Climate change is the single biggest threat to wolverines.
Attorney Tim Preso has spearheaded Earthjustice's efforts to protect the wolverine
(This is the fourth in a series of Q & A's on the Crown of the Continent, a 10-million-acre expanse of land in northern Montana and southern Canada. Earthjustice is currently working to protect several wild creatures in the Crown like the wolverine. To learn more about this wild place and how Earthjustice is working to protect it, check out our Crown web feature.)
EJ: The U.S. Fish and Wildlife Service (FWS) recently listed wolverines as endangered, but they're still not being protected, correct?
TP: That's right. The FWS determined that although the species qualifies for listing under the Endangered Species Act that they were basically going to put wolverines in administrative limbo and not actually list them. Obviously we're not satisfied with that result and we're continuing to examine ways to move the wolverine up to the top of the list. The Crown of the Continent is one of the largest undeveloped landscapes remaining in our country and it's really the stronghold for wolverines in the lower-48 states. The wolverine only persists in places that are really and truly wild, and the Crown is the last place that they're remaining in any significant numbers.
EJ: Why did Earthjustice decide to focus on wolverine protections?
TP: There are a number of reasons. One is just that the wolverine has a lot of amazing characteristics that make it a particularly cool animal to work on. Wolverines are extremely tough and they live in extremely harsh environments at high elevations. When grizzly bears, which we think of as a tough animal, are sleeping in their hibernation dens for the winter, the wolverine is out there on those snow-blasted slopes trying to eke out a living, covering 160 square miles over some of the most rugged country in the lower 48 states. It takes a tremendously large landscape for them to find enough food to stay alive, so these animals need extremely large home ranges.
One anecdote from Glacier National Park talked about a wolverine that scaled basically a 1,500-foot vertical shaft on a ridgeline that's called the Iceberg Notch in 20 minutes. So, they're just really an amazing critter, but they're also a living symbol of the wilderness. If the place is not sufficiently wild, it will not have wolverines. The presence of the wolverine tells us that the landscape is productive not only for the wolverine but for other creatures that also require that kind of landscape: fish, smaller mammals and ultimately us, who need clean water and places to get away from industrial society from time to time. (Learn more about wildlife in the Crown.)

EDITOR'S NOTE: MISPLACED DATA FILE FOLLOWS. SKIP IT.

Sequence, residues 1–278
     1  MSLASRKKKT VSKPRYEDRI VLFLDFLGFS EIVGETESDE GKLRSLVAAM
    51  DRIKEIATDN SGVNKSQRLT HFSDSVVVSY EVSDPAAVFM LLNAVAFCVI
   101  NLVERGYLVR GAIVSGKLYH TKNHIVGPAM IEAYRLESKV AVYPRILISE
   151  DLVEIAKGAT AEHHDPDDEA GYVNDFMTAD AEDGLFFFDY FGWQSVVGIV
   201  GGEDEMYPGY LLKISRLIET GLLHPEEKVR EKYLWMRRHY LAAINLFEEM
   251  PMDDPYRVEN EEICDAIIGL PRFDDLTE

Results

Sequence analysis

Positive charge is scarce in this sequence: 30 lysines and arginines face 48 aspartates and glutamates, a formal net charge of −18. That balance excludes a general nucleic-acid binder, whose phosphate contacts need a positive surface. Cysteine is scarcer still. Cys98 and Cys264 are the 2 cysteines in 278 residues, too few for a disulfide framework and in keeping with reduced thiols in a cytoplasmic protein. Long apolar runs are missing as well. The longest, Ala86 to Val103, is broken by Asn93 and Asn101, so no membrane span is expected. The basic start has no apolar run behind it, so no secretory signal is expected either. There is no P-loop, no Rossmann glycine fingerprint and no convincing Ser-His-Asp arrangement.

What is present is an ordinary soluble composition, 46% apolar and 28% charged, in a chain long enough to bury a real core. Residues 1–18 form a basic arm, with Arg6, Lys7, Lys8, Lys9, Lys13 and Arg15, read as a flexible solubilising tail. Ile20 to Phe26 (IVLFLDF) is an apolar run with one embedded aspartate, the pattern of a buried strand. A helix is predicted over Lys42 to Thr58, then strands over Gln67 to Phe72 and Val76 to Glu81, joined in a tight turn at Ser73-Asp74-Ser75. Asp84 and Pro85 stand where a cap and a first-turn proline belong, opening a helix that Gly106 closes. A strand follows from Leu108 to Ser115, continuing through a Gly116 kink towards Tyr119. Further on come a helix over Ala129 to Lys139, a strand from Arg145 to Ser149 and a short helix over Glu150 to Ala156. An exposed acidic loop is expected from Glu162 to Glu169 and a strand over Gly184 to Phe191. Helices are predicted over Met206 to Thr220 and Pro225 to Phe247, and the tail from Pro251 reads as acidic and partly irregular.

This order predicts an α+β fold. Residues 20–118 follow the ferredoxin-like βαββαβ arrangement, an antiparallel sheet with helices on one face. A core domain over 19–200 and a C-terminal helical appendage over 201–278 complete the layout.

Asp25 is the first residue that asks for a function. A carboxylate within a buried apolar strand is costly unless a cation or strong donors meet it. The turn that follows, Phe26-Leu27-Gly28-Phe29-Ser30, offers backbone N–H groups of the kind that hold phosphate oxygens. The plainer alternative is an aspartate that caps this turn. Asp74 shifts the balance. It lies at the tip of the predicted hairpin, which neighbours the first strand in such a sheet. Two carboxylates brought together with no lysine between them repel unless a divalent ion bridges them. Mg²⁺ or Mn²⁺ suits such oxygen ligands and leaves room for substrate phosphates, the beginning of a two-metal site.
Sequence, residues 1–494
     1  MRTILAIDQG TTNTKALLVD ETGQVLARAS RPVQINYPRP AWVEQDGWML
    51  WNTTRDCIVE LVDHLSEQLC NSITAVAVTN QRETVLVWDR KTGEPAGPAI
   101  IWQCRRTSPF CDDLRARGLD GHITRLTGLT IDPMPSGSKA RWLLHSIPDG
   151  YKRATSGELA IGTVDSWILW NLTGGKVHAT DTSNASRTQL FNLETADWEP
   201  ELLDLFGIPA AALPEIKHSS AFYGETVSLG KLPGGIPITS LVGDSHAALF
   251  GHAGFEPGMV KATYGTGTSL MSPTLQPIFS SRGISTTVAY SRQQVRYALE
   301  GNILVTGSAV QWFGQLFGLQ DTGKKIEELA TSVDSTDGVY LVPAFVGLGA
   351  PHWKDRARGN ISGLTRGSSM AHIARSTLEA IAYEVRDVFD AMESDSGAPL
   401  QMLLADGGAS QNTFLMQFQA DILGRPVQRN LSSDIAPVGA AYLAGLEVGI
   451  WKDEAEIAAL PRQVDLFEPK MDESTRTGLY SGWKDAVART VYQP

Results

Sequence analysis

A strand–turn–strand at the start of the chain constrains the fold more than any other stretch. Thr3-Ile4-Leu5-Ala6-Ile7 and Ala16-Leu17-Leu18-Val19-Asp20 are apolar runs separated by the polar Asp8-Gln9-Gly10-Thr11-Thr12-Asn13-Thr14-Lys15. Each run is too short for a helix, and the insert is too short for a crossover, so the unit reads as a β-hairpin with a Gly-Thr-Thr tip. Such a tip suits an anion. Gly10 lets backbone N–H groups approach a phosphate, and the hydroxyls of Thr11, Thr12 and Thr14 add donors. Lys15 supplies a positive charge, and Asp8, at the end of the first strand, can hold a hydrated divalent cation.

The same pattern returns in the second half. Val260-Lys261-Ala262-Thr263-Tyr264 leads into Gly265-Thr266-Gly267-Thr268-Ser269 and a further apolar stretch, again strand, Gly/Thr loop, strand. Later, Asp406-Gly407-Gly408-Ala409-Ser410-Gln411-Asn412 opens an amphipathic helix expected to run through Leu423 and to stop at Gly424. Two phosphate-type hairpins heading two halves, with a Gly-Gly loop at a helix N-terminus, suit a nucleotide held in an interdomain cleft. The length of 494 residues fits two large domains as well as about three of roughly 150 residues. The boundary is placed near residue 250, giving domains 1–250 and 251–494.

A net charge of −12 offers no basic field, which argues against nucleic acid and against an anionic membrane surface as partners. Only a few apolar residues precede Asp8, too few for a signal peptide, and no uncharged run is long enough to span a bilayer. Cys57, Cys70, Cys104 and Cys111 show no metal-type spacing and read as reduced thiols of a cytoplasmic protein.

EJ: How is climate change impacting wolverines?
TP: The wolverine is really a canary in the coal mine on the impacts of climate change. We think about the polar bear when we think about the poster child for climate change and that's appropriate. But the wolverine is also unfortunately in the same boat. A pregnant female wolverine tunnels into the snow in the spring and gives birth to kits that they raise in a series of snow tunnels, so they're really dependent on areas that have maintained snow pack into the spring period. Increasingly in the Rocky Mountains that's a dwindling landscape because of warmer temperatures, which is one reason why scientists believe climate change is the single greatest threat to the wolverine.
EJ: How is Earthjustice working to protect the wolverine?
When we started this campaign 10 years ago we brought our first case to try to force the protection of the species. Montana had an unlimited trapping season, so the state was losing about ten wolverines a year. Over the course of our work, the pressure of our advocacy has caused a number of conservation measures to be put in place. Now, Montana allows only five wolverines to be trapped annually. It also imposes limits on female mortality, which is extremely important for a slow-reproducing species like the wolverine. The FWS estimates that the entire lower 48 population is about 250 individuals, so when you start about taking 10 animals out of the population every year, it's going to have a very significant impact.
We've also focused on trying to remove disturbances from some of the most important parts of the wolverine's range. Female wolverines do not like to have any kind of disturbance in their denning area, probably because there are some species that will go in and try to kill the kits in the den. So if a snowmobile comes blasting through a wolverine denning area, that's a huge disturbance and typically the wolverine will either abandon the area or move the kits to another site. All of those things are extremely costly to a species that's probably living on chewing up bones left from a mountain goat carcass that was killed by an avalanche. That's why we've focused on vehicle planning in the national forest and we've succeeded in significantly reducing snowmobile use in a wolverine range north of Yellowstone National Park called the Gallatin Range. We've also succeeded in cutting back on helicopter skiing activity in an area south of Jackson Hole, Wyoming called the Palisades Range, which is also an important area for wolverine range expansion. So we've had some successes in trying to address the threats to the wolverines' continued survival.
Keeping advocacy for the listing front and center and the pressure on to protect the species has provided a lot of resources for scientific research. Ten years ago the Fish and Wildlife Service said we couldn't possibly protect the wolverine because we didn't know anything about it. Now the FWS knows about the species and that it is threatened. We just need to get the last step over the hurdle to actually get it listed.